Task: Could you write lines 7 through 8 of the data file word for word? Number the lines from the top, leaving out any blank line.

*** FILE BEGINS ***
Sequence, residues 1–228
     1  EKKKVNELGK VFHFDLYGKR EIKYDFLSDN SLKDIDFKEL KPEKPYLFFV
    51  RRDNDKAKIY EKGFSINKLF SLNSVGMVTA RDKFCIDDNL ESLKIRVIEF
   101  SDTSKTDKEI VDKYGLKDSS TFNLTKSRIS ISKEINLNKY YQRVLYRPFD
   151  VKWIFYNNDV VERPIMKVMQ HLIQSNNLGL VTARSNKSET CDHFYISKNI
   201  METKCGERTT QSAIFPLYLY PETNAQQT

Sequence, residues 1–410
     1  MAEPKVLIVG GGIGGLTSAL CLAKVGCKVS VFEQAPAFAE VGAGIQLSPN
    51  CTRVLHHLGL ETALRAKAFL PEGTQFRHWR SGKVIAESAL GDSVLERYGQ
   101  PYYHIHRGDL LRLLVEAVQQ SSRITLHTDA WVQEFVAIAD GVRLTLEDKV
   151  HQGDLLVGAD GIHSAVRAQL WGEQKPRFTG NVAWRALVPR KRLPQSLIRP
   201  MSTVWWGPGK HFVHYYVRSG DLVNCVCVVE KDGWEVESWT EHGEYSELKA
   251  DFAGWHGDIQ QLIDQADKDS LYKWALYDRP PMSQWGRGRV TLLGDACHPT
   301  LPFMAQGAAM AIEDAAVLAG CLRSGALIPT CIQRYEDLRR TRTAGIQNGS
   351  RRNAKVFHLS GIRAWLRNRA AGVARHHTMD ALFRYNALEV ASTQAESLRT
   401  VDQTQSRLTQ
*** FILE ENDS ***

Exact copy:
Sequence, residues 1–410
     1  MAEPKVLIVG GGIGGLTSAL CLAKVGCKVS VFEQAPAFAE VGAGIQLSPN